BRUSSELS, Dec 19 (Reuters) - The European Union is set to grant Switzerland’s stock exchanges access to the bloc’s internal market for one year, EU sources said, in a move aimed at putting pressure on Bern to clinch an overall deal on its relations with the EU.
EU states will vote on Wednesday on a proposal by the executive European Commission to recognise shares trading on the SIX Swiss Exchange and BX Swiss as equivalent to exchanges based in the 28-country bloc.
If they back the proposal, as EU officials expect, the Commission will temporarily allow EU investors to access the Swiss exchanges and vice-versa. That will avoid disruption after new MiFID II market rules come into force on Jan. 3.
The Commission had initially proposed the open-ended adoption of equivalence for the Swiss exchanges, in line with a deal on U.S. trading venues, documents seen by Reuters showed .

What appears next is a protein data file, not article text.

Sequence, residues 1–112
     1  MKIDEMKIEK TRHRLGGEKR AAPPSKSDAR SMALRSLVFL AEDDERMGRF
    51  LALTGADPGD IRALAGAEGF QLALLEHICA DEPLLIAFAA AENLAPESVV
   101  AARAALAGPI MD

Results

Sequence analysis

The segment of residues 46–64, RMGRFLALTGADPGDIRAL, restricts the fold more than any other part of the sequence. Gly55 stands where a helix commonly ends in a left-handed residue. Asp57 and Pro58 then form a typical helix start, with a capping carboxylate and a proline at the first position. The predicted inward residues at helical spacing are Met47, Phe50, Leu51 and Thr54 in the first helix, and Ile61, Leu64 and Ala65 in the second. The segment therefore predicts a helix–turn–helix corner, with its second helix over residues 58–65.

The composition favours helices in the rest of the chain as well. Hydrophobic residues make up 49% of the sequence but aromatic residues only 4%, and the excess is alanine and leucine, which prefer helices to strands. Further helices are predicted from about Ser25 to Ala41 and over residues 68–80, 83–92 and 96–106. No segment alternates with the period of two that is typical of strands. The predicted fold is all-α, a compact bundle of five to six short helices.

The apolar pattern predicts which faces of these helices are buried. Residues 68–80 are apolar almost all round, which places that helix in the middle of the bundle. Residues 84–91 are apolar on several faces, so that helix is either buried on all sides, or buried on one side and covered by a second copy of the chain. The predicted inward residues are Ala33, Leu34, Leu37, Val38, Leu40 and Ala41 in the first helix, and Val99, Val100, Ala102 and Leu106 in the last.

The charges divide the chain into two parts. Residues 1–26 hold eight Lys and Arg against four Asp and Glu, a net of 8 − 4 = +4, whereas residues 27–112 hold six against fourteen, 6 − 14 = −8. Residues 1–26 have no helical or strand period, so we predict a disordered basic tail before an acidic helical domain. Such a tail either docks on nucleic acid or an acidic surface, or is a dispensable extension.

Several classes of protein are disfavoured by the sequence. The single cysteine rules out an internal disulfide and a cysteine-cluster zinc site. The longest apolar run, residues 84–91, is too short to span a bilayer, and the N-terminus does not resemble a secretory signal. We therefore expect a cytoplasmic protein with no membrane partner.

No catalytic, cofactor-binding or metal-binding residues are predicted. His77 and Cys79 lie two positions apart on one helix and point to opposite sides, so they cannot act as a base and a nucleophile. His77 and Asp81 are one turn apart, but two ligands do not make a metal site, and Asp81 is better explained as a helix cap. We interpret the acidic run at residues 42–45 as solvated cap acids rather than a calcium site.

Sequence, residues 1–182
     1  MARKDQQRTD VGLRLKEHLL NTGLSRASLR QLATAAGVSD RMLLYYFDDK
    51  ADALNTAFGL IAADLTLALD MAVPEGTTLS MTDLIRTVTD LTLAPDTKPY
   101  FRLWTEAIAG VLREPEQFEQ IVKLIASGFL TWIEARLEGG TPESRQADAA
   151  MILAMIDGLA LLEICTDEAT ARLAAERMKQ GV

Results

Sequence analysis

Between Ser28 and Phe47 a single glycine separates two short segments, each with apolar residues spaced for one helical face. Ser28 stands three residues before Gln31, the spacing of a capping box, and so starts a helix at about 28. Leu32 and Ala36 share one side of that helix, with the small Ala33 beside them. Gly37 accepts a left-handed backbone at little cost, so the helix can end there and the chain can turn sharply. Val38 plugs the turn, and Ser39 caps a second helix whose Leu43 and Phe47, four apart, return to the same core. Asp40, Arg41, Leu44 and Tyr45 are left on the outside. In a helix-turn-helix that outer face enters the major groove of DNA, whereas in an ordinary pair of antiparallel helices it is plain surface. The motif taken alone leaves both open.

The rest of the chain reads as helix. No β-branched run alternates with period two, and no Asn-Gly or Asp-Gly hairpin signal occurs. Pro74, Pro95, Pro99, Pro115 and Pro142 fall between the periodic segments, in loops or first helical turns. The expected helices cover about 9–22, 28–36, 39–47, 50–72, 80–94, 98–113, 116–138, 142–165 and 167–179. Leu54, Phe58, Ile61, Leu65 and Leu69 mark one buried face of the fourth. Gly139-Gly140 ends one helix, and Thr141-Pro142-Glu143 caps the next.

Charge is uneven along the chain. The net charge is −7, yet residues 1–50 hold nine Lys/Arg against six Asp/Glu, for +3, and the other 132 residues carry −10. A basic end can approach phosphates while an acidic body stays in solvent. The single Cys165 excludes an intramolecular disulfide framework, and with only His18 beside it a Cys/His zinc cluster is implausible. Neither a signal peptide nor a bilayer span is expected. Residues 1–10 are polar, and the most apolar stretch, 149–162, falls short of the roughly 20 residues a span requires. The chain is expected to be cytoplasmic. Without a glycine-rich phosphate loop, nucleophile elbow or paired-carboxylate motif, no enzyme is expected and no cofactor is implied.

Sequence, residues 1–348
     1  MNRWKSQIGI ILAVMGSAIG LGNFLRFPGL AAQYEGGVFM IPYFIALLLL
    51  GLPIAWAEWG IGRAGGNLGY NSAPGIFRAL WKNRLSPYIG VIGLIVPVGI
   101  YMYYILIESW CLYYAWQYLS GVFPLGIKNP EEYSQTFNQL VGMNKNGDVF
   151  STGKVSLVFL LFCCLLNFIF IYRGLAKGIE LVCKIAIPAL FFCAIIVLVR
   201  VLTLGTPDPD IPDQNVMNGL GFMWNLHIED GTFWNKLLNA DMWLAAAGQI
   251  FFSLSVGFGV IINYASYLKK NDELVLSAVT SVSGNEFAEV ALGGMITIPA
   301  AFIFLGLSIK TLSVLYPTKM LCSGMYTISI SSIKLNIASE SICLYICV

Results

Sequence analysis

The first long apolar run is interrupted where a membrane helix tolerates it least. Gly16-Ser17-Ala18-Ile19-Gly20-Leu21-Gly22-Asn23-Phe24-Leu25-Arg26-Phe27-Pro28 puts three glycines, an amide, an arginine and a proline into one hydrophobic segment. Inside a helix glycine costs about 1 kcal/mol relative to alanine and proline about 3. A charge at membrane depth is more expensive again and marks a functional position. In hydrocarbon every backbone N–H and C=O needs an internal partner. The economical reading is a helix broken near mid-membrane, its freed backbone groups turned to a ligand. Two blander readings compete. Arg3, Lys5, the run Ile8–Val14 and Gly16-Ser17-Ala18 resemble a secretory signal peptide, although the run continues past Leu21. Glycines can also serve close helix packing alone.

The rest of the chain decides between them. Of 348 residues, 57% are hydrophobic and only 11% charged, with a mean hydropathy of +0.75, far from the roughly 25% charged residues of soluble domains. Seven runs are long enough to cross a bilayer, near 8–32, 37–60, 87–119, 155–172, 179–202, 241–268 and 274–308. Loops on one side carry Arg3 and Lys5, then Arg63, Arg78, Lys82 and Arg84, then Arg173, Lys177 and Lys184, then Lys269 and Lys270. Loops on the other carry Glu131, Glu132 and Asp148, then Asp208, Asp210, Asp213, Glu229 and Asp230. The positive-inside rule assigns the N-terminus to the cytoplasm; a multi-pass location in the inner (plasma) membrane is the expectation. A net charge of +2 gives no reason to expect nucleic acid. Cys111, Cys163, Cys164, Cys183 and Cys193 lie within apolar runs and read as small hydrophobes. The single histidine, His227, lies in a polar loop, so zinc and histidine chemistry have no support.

But Switzerland’s reluctance to sign an overall deal on its relations with the EU, of which it is a close partner but not a member, pushed the Commission to review the offer on trading venues, EU sources said.
“Recognising equivalence for one year makes a lot of sense,” a Commission official said, adding that this would avoid disruption and allow for a general deal by the end of next year on Switzerland’s access to the EU market.
The so-called “institutional agreement” under negotiation between Bern and Brussels would give Switzerland easier access to the EU’s single market of more than 400 million people. In exchange, Switzerland would more closely align with EU rules and make broader commitments to the block. (Reporting by Francesco Guarascio; Editing by Catherine Evans)